DIY Non-Toxic Laundry Detergent

bottle of laundry detergent next to a stack of clean towels

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These days, everyone is looking for ways to save some money. Fortunately for your wallet and the planet, the easiest way to save money in the laundry room is to make your own laundry detergent.

Why Make Your Own Laundry Detergent?

DIY laundry detergent will not only save you money, but will naturally help you avoid the toxic chemicals and noxious scents found in store-bought brands.

Laundry detergent ingredients pose a variety of health risks to humans, ranging from relatively minor—like skin irritation and allergies—to the severe—cancer, poisoning and neurological problems. These products can affect not only personal health, but also public and environmental health. The chemicals can go into the air, down the drain and into bodies of water, too.

Toxins in Your Detergent

I often wondered why my neighbor’s “April Fresh” aroma would give me migraines until a 2008 University of Washington study of top-selling laundry products found that the products emitted nearly 100 different volatile organic compounds. Results of the study showed 58 different volatile organic compounds above a high concentration of 300 micrograms per cubic meter. Of these, seven are regulated as toxic or hazardous under federal laws.

All the products tested in the study gave off at least one chemical regulated as toxic or hazardous, but none of those chemicals was listed on the product labels.

Findings in a 2011 study show that air vented from machines using the top-selling scented liquid laundry detergent and scented dryer sheet contains more than 25 volatile organic compounds, including seven hazardous air pollutants. Of those, two chemicals—acetaldehyde and benzene—are classified by the Environmental Protection Agency as known carcinogens, for which the agency has established no safe exposure level.

No wonder laundry products make an estimated 10% of the population feel so ill.

The researchers estimate that in the Seattle area, where the study was conducted, acetaldehyde emissions from the top five laundry detergent brands would constitute about 6 percent of automobiles’ acetaldehyde emissions. In the U.S. we regulate automobile emissions, but completely ignore the toxic pollution coming from our laundry machine vents—at our own peril.

And if the toxic fragrances weren’t enough, conventional laundry detergents also contain phosphates, sulfates, ammonia, naphthalene, phenol, optical brighteners, EDTA, and more. These chemicals can cause rashes, itches, allergies, sinus problems, endocrine disruption, and have long term toxic effects on the environment.

Lastly, the embedded energy, natural resources and waste involved in mass-producing and transporting billions of gallons of plastic-packaged, toxic laundry detergents is just too significant for small footprint families to ignore.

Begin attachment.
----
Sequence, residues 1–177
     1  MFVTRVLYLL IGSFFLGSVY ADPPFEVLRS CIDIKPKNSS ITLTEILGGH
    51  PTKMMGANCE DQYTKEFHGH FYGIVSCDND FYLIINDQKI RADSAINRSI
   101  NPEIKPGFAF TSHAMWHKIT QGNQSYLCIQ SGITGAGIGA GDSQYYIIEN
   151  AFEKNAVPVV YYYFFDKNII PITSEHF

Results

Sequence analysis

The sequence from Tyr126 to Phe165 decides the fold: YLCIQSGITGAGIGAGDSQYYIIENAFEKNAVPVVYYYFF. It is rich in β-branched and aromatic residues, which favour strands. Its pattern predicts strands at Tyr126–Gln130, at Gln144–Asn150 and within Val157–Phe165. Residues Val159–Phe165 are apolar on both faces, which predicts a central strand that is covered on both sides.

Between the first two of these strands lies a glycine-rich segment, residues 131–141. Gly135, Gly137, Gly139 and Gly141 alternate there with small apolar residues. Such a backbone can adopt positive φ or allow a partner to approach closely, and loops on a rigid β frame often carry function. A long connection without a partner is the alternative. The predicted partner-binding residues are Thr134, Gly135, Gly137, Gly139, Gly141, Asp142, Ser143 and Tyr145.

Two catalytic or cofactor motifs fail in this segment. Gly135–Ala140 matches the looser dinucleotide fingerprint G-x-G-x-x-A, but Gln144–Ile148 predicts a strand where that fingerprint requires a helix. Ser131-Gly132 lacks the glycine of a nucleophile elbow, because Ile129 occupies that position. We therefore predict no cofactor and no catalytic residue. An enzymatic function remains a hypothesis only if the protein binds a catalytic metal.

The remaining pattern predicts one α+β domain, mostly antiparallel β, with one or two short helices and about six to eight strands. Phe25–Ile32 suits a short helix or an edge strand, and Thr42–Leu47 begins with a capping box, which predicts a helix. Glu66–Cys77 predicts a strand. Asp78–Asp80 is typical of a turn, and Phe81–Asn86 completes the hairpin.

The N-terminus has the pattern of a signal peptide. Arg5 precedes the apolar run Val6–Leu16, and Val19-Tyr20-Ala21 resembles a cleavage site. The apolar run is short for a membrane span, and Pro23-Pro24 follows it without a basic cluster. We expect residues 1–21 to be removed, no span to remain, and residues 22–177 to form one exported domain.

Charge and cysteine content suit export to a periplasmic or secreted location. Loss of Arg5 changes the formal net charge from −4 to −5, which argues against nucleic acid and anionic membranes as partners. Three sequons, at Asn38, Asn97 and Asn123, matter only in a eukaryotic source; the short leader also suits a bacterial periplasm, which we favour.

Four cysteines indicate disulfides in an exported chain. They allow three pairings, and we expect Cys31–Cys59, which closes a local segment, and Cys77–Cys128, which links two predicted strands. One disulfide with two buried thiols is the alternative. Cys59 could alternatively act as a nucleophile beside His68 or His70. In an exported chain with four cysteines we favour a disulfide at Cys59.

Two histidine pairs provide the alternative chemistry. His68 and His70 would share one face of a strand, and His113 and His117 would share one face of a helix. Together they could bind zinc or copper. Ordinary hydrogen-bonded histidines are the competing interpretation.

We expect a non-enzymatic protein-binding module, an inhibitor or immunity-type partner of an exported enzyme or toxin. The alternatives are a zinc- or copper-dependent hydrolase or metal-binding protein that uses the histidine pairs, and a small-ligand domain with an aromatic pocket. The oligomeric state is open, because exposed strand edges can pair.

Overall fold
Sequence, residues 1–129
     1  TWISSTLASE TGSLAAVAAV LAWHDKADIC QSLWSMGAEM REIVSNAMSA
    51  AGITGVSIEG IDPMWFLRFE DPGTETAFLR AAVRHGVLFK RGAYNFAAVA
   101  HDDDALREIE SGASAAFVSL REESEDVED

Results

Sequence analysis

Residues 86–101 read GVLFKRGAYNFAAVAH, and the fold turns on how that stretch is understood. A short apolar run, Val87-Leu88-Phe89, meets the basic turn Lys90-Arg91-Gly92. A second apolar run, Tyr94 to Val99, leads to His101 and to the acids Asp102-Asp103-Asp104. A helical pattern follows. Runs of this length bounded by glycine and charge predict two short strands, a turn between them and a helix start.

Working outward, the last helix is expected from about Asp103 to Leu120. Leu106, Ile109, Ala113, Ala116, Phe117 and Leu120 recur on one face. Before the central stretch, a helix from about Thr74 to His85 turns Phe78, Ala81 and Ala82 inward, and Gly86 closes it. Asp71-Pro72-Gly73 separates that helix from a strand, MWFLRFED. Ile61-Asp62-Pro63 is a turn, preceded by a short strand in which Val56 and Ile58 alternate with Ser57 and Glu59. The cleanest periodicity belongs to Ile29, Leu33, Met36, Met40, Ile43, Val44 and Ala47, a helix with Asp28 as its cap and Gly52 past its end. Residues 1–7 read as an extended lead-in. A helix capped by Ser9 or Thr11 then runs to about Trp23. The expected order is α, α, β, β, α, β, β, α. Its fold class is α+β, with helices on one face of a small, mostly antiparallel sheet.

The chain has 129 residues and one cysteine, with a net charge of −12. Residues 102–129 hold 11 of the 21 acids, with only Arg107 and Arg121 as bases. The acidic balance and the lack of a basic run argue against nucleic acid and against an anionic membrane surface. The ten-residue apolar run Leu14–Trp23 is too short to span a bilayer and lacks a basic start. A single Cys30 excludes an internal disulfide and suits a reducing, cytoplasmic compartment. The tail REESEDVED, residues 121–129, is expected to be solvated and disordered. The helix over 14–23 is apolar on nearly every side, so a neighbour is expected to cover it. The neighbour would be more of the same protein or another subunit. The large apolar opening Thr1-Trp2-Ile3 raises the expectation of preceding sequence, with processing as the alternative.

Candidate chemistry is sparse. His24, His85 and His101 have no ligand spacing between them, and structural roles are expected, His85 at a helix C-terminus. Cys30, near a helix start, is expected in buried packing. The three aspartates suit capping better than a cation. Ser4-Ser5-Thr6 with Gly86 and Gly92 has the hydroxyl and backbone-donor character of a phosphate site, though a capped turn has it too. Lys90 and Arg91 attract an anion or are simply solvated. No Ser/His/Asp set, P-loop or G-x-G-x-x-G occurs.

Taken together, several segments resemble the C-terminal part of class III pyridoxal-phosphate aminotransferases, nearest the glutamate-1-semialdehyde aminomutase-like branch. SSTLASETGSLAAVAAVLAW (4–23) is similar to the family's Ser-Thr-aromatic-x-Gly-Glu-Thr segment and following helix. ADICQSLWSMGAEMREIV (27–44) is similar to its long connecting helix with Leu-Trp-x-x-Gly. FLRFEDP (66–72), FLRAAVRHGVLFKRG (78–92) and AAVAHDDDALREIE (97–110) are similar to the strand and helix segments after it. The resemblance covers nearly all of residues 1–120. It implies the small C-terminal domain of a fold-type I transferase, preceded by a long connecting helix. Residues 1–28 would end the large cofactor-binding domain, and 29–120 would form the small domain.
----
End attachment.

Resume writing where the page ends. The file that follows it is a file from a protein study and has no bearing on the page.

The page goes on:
Mystery Ingredients in Your Detergent

Believe it or not, in the U.S., manufacturers are not required to list the ingredients used in laundry products, air fresheners and other household cleaning products. Personal-care products often contain similar fragrance chemicals too, and although cosmetics are required by the Food and Drug Administration to list ingredients, no law requires products of any kind to list the chemicals used in fragrances and perfumes.

shaved bar soap in a dish

Even “green” or “eco-friendly” cleaning products are not required to disclose their ingredients, and may contain toxic fragrances or petroleum-derived ingredients.

The safest bet for your family and the planet is to make your own less toxic laundry detergent. Costing just pennies a load, you can get all the ingredients in bulk quantities online (links below), at Costco, or in your grocer’s laundry aisle.

(Note: Many do-it-yourself laundry detergent recipes call for Fels Naptha, Octagon or Zote bar soap, but all of them contain toxic ingredients and fragrances that you really don’t want near your skin or in your environment.)

Both the powder and liquid versions of this recipe work well in cold water and are safe for septic tanks, and both HE and front-loading washing machines. I’ve found no difference in washing quality between the homemade detergent and store-bought brands, and this recipe tends to work much better than most eco-friendly brands.

Natural Laundry Tips

For extra softness, don’t forget to add a cup of white vinegar to your rinse cycle to soften your clothes, and you’ll never go back to conventional, toxic detergents or fabric softeners again!

For Cloth Diapers: If you want to use this detergent on cloth diapers, you must omit the bar soap from the recipe. Bar soap will build up on your diapers, repelling moisture, and eventually need stripping out. Instead, wash your diapers in a combination of borax, washing soda and baking soda in the recipe below, with a vinegar rinse.

*A Note About Borax

There are some who say that borax is toxic, including the illustrious EWG database (which conflates boric acid with borax—two very different things). I disagree. Here is why I consider borax a safe, effective cleaner.

bottle of laundry detergent next to a stack of clean towels

Homemade Laundry Detergent Powder